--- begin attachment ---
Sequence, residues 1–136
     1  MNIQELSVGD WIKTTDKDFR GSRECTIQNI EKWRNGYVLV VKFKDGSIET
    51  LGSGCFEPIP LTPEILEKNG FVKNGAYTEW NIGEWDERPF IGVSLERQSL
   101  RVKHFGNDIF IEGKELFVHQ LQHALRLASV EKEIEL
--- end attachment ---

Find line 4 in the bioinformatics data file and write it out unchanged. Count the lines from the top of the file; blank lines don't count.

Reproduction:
   101  RVKHFGNDIF IEGKELFVHQ LQHALRLASV EKEIEL